Also on the first floor will be a ceremonial courtroom where naturalization ceremonies and other special events will occur. 

Dozens of trees will be planted on berms that will surround the building, Thomason said.

“It’s going to make it very difficult for a car to drive from the curb into the building,” he said. 


By the numbers

The federal courthouse under construction at 101 Locust St. includes:

14,350 cubic yards of concrete, enough to make a 15-foot-thick block of concrete the size of a football field.

2.4 million pounds of reinforcing steel, the same number of pounds as five Statue of Liberties.

215+ miles of electrical wire, enough to stretch between Des Moines and Kansas City, Mo.


What will happen to existing federal courthouse?

Three nonprofit or public entities have submitted proposals for public uses for the existing historic federal courthouse at 123 E. Walnut St. in Des Moines, a spokesperson for the U.S. General Services Administration said.


The identities of the entities will remain secret until reviews of the proposals are completed, Charlie Cook, GSA spokesperson, wrote in an email. Cook cited an exemption under the Freedom of Information Act that allows the information to remain confidential.

The courthouse, constructed between 1927 and 1929, is considered excess federal property and is currently in the process of being disposed of by the U.S. General Services Administration, which manages all of the federal government’s properties.

In the past 10 years, the GSA has disposed of 13 courthouse properties, according to Cook. Currently, three other U.S. courthouse properties are in the disposal process, he wrote.

One of the first steps in disposing of the property is screening proposals for other public use or homeless needs.

According to a GSA document, public uses can include community centers, schools and colleges, emergency management facilities and others. In addition, homeless assistance groups, state and local governments, eligible nonprofit organizations, and other community-based institutions can submit proposals for public uses of the federal property. 

It will take up to 150 days for the proposals to be reviewed and for decisions to be made on whether any of the three proposals are “eligible to repurpose the property for public use,” Cook wrote. Officials from the U.S. Department of Health and Human Services will make that determination, he wrote.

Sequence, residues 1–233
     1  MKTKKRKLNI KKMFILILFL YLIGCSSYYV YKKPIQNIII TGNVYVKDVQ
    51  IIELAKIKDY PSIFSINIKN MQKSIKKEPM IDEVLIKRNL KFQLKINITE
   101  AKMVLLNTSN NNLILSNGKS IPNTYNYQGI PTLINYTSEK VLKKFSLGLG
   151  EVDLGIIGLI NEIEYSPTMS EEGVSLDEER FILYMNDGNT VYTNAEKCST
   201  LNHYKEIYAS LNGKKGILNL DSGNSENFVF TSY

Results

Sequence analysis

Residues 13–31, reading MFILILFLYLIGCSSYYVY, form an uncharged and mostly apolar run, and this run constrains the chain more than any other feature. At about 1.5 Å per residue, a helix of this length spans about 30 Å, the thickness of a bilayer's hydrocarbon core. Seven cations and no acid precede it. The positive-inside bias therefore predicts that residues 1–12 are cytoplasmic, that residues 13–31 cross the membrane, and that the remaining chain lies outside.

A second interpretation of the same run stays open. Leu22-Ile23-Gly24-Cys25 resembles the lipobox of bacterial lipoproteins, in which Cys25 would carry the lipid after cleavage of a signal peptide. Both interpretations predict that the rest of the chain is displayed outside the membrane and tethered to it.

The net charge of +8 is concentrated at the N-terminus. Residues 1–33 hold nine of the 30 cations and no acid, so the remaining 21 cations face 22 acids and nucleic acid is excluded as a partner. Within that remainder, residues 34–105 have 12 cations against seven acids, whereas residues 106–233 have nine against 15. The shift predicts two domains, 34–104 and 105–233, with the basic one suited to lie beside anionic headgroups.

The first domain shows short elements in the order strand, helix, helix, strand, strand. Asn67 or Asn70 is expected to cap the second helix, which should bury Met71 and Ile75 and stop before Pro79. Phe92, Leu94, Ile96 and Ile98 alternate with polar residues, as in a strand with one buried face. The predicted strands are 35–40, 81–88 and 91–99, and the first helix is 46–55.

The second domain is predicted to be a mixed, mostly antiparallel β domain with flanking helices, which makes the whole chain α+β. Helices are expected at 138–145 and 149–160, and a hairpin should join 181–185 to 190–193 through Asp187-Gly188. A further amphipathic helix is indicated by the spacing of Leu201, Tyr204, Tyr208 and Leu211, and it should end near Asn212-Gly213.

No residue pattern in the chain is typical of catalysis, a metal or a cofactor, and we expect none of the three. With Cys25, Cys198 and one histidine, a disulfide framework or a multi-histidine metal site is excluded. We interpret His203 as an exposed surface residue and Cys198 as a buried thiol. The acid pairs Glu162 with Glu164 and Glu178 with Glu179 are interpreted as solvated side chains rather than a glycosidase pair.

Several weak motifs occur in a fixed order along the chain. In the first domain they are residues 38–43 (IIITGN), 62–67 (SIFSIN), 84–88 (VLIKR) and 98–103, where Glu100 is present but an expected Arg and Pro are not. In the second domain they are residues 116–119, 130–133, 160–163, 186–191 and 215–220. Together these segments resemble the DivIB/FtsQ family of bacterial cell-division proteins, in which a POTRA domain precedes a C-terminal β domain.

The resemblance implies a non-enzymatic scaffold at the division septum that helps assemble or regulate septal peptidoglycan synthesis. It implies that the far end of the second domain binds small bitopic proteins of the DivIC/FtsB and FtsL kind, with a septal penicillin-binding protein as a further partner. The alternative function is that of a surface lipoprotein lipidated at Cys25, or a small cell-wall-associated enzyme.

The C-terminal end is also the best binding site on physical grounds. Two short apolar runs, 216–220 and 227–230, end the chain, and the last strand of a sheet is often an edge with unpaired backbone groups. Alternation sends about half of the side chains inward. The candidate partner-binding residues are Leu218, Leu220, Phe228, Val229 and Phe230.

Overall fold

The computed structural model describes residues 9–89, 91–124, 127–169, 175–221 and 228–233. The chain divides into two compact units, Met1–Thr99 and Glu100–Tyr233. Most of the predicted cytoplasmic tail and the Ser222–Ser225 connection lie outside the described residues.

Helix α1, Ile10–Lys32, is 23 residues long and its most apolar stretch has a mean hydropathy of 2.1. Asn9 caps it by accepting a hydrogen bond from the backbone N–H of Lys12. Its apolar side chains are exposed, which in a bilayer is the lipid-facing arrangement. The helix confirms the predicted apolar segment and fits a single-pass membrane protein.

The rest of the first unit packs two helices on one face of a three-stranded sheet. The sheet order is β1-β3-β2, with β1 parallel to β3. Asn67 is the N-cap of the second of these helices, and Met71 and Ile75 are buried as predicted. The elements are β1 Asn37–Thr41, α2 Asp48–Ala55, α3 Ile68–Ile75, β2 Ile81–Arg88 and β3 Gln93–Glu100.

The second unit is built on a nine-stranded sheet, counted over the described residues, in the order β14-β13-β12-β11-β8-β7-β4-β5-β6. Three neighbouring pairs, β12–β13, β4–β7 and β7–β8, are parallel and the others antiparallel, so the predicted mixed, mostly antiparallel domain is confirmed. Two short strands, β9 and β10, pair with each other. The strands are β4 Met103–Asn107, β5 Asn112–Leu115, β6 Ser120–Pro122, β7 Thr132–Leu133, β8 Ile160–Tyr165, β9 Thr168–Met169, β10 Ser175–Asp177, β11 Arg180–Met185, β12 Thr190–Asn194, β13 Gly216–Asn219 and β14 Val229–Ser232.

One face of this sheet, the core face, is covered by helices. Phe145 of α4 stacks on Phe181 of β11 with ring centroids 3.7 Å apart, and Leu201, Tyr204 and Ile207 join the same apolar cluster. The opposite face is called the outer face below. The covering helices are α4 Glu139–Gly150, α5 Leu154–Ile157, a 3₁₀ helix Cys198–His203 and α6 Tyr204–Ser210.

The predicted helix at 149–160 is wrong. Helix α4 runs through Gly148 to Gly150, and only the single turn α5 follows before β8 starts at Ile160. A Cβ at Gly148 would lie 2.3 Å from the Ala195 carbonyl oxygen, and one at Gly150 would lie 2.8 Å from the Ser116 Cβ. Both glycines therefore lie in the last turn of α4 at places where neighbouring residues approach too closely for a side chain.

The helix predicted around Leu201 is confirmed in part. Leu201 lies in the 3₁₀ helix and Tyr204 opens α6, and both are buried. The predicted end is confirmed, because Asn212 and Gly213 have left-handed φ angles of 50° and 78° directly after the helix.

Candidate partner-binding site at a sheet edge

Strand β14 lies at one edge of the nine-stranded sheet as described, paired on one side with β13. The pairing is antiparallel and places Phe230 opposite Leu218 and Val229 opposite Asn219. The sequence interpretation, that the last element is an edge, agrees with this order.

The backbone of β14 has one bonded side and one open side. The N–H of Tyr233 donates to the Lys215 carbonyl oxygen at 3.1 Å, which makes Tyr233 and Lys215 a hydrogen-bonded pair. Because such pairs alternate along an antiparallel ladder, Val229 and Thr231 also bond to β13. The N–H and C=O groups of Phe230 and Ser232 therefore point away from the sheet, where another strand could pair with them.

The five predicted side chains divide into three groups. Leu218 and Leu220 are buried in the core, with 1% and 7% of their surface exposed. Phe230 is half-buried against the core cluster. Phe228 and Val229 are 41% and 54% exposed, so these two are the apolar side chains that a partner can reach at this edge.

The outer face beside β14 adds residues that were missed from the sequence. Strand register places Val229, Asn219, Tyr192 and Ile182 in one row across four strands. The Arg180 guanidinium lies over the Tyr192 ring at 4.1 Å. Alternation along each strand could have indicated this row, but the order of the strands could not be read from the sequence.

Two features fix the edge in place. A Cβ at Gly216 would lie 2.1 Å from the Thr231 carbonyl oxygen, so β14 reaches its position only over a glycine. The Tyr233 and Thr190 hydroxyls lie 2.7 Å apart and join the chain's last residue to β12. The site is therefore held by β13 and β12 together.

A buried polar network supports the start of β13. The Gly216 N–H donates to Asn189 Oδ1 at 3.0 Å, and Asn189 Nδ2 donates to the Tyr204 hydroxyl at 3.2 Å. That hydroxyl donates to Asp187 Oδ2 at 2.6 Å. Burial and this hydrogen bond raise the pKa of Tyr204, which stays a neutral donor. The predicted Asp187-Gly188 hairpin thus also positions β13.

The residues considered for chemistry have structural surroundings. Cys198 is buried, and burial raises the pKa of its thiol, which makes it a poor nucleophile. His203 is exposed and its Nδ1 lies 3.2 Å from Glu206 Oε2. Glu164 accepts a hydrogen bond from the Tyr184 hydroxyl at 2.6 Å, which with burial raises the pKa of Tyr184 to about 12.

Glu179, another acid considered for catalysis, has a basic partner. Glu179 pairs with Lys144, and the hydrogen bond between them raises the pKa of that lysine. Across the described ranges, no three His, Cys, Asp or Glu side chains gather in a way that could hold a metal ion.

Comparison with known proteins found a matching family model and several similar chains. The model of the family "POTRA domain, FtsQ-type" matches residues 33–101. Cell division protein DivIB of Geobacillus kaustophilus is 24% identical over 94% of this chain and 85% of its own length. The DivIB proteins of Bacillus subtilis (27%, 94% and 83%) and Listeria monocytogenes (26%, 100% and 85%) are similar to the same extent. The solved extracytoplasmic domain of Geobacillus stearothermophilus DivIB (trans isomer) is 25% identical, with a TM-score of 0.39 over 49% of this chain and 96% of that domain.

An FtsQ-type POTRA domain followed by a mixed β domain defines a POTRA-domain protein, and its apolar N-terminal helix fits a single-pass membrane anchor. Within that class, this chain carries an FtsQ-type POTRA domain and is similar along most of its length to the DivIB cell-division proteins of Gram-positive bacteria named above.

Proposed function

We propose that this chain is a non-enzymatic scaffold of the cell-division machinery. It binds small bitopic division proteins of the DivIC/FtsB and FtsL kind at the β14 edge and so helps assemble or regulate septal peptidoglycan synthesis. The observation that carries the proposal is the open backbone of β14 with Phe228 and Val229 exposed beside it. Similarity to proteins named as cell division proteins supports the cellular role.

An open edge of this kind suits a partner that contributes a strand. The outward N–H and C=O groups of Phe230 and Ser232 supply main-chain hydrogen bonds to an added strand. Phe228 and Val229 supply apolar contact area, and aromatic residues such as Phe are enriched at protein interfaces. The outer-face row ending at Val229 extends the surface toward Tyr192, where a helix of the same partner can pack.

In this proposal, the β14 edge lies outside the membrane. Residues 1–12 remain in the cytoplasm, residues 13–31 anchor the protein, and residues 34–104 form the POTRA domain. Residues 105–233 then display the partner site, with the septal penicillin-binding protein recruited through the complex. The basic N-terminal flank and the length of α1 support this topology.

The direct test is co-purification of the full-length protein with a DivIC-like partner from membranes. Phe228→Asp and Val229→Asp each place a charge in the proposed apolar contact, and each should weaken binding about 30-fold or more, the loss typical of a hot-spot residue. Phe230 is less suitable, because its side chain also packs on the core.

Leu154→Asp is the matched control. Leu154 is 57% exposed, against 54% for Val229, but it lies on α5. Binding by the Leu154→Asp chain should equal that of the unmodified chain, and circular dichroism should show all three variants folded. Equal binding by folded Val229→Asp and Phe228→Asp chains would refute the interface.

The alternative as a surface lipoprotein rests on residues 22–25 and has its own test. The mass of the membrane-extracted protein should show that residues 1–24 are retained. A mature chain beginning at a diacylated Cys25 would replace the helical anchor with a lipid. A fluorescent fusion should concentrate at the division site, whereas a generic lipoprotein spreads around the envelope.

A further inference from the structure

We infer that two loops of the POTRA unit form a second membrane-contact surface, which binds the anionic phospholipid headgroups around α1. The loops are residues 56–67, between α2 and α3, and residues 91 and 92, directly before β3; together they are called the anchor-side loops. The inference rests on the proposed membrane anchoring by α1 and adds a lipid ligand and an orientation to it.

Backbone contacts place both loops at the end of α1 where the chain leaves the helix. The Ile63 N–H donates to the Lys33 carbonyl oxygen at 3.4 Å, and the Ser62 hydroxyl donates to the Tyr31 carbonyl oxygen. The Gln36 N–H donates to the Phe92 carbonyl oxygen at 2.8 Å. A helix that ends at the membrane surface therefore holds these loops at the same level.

A spokesperson for the city of Des Moines, which has facilities near the federal courthouse, has said the city is not interested in the property. Polk County officials have also said they are not interested in the property.

If none of the three entities that submitted proposals is allowed to acquire the building, it will be sold during an online auction.

At least one local developer is interested in acquiring the property, possibly converting it into housing.

Developer Jake Christensen said if the property is sold at auction, he would likely submit a bid.

“The general makeup of the building makes it a little bit difficult for a lot of uses,” Christensen said. “To me, the logical uses are higher-end apartments or condos and then maybe a boutique hotel.”

The five-level courthouse is on the National Register of Historic Places.

The courthouse is one of seven monumental public buildings constructed along the Des Moines River in the first half of the 1990s, according to the GSA’s website. In 1988, the riverfront area, including the courthouse, was designated the Civic Center Historic District and listed in the National Register of Historic Places.

Erin Olson-Douglas, Des Moines’ development services director, said she’s hopeful that whoever acquires the federal property redevelops it in a way that activates the riverfront. The courthouse property, originally developed in the late 1920s, is one block east of the Des Moines River.

“It’s a spot where you could have a cool hotel, you could do housing, you could do office space,” Olson-Douglas said. “I think something with activity would be welcome there.”

Preserving the historical significance of the building is also important, she said.

The first ruling involving the landmark Tinker v. Des Moines Independent School District occurred in a courtroom of the federal courthouse. (The school district banned students from wearing black armbands to protest the Vietnam War. Some students who defied the ban were suspended from school, prompting their parents to file a lawsuit against the district.)

A judge for the U.S. District Court for the Southern District of Iowa ruled in favor of the school district, saying that wearing the armbands could disrupt learning. The ruling was appealed, ultimately ending up before the U.S. Supreme Court, which in 1969 ruled in favor of the students. 

“Recognizing that that history is an important piece for both our community as well as the broader impact the decision has had across the country,” Olson-Douglas said, “finding a way to have public accessibility [to the courtroom] is important.”

The courtrooms in the building likely will have to be preserved, Christensen said. “Maybe they can be used as community rooms or some other type of public space or use. It will be a challenge.” 

Facebook Notice for EU! You need to login to view and post FB Comments!

oakridge brd 050123 300x250